I was a member of the Marshall County High School Class of 1996. There were 300 of us. Three hundred. Out of that 300 people, four of them have recently had a child diagnosed with cancer. Two of those children died from the disease.

You would think that was enough for one small town, but unfortunately life wouldn’t agree. There are currently three teenagers in Marshall County missing school as they undergo cancer treatment. Three kids who should be worrying about exams, papers, and unrequited love are now worrying about blood levels, treatment options, and whether they will ever truly get to experience life again.

Cancer is cruel; it’s wrong; and it is certainly not fair.

I recently realized I could just sit around and feel sorry for all the families around me struggling, or I could do something to help. My day job is as the Young Adult Services Coordinator for the Marshall County Public Library. Over the years, I’ve seen how books can change a teen’s perception and attitude. I’ve seen books change lives. And so, armed with that knowledge, I came up with the Hope Conquers campaign.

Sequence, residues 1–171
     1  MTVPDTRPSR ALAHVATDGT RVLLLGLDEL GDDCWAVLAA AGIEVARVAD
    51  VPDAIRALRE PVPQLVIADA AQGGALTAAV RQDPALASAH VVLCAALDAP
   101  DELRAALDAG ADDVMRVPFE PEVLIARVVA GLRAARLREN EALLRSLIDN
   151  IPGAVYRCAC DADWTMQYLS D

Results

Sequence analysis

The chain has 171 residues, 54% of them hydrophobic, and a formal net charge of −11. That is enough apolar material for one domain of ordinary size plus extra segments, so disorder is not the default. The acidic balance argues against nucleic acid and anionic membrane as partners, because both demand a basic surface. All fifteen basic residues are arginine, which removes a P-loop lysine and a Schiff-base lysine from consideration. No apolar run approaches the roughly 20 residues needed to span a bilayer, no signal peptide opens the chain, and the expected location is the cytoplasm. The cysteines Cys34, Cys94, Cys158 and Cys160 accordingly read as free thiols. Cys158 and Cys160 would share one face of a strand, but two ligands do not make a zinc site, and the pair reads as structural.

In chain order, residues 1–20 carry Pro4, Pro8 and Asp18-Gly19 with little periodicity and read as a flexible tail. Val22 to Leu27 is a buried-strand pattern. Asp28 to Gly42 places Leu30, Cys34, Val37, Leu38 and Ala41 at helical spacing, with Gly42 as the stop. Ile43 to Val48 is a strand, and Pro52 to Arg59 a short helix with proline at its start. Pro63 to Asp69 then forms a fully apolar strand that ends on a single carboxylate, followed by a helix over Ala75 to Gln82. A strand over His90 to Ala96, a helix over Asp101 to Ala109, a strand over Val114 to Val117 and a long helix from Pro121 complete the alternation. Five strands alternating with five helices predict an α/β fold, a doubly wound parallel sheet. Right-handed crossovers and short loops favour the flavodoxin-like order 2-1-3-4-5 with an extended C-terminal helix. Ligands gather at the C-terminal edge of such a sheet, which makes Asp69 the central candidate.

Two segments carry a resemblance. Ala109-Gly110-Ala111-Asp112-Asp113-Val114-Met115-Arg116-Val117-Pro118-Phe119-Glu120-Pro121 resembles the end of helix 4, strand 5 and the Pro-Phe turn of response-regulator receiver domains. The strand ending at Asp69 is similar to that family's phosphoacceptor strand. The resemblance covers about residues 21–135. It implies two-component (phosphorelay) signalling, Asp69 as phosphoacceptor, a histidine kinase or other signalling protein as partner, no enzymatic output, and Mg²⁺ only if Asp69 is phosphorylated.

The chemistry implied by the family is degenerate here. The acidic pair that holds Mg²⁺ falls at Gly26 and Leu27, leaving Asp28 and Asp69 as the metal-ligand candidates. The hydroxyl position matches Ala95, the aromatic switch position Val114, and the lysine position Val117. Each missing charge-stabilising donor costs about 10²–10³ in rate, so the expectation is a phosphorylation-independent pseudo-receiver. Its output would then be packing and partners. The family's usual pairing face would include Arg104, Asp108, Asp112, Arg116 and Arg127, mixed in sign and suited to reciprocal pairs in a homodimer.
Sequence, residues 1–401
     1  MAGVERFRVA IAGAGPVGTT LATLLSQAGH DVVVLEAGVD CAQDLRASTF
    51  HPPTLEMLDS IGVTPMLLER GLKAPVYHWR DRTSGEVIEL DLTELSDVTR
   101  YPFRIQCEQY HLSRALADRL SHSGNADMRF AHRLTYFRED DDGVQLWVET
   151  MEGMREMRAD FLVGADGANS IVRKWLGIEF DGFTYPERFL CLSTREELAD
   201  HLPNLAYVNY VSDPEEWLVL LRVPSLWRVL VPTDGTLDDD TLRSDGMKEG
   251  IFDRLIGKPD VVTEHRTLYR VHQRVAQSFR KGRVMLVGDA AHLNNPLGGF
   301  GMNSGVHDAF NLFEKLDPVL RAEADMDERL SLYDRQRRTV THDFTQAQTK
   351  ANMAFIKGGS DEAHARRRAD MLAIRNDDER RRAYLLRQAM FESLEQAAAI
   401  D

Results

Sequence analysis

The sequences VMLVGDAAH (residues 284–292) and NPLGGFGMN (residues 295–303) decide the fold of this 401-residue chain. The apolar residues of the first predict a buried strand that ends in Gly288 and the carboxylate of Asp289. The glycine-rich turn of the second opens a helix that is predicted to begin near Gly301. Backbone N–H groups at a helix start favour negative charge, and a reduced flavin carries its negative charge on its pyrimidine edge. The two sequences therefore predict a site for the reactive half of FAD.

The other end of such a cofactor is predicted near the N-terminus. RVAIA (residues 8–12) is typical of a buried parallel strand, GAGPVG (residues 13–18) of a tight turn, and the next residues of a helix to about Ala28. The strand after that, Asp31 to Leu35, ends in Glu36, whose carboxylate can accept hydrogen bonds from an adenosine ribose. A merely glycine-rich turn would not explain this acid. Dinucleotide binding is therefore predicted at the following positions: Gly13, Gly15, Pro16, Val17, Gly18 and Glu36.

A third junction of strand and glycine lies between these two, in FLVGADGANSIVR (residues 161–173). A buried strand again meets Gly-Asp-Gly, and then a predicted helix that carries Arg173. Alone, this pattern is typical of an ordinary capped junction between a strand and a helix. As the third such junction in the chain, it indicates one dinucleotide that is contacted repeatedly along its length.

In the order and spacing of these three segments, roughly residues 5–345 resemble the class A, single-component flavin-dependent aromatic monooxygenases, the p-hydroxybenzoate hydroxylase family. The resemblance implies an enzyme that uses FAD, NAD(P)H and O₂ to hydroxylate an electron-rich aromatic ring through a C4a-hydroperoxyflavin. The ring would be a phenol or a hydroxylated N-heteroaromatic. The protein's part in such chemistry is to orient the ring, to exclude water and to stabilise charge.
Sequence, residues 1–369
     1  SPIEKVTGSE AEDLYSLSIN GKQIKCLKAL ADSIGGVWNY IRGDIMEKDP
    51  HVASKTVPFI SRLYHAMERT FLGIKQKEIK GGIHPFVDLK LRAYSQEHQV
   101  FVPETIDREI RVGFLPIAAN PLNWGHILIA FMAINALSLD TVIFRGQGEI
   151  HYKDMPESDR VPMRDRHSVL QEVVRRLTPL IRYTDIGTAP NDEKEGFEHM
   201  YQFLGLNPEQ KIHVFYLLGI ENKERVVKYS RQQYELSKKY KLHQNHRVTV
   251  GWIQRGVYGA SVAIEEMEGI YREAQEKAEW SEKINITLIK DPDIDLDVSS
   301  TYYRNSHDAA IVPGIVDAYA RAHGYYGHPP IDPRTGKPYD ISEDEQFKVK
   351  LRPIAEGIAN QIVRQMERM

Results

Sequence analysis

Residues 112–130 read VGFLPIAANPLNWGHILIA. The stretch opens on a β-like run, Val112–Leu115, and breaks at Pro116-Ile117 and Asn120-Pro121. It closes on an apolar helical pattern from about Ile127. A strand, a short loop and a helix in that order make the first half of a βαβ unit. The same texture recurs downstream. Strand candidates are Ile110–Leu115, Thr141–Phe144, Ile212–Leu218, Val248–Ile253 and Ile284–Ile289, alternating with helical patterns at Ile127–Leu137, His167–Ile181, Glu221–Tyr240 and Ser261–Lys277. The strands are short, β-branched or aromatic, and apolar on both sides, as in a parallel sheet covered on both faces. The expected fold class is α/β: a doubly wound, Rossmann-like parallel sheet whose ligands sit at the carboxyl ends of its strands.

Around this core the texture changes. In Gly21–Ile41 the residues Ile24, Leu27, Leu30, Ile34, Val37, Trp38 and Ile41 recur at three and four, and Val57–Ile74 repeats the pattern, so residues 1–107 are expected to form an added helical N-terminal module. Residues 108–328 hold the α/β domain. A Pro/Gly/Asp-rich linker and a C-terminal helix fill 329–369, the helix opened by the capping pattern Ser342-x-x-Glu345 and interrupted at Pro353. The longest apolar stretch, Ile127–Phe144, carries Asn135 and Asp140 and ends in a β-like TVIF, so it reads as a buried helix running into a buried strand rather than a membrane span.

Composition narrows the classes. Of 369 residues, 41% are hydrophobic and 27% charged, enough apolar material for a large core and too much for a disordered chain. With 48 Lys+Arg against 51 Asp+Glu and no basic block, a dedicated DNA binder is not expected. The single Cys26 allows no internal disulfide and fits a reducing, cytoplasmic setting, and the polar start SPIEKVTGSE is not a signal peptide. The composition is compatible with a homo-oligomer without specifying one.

The Hope Conquers campaign is simple: During the month of October, I will be collecting books inscribed with messages of inspiration and encouragement signed by the author. Those books will be donated to the Vanderbilt Children’s Hospital, the place most seriously ill kids in Marshall County go to receive care. I’ll also be donating all the profits from the Kindle edition of my novel Destiny Binds
to the Ronald McDonald House, which provides assistance to families with sick children.

I know in the grand scheme of things, Hope Conquers isn’t a lot. I’m going to give some kids some books and donate a little bit of money. So what?

Here’s the thing, though. I think it will make a difference. Actually, I know it will. I know, without a doubt, that every little bit helps. I know that if we work together, if each of us does what we can, our little bits will add up to a big something.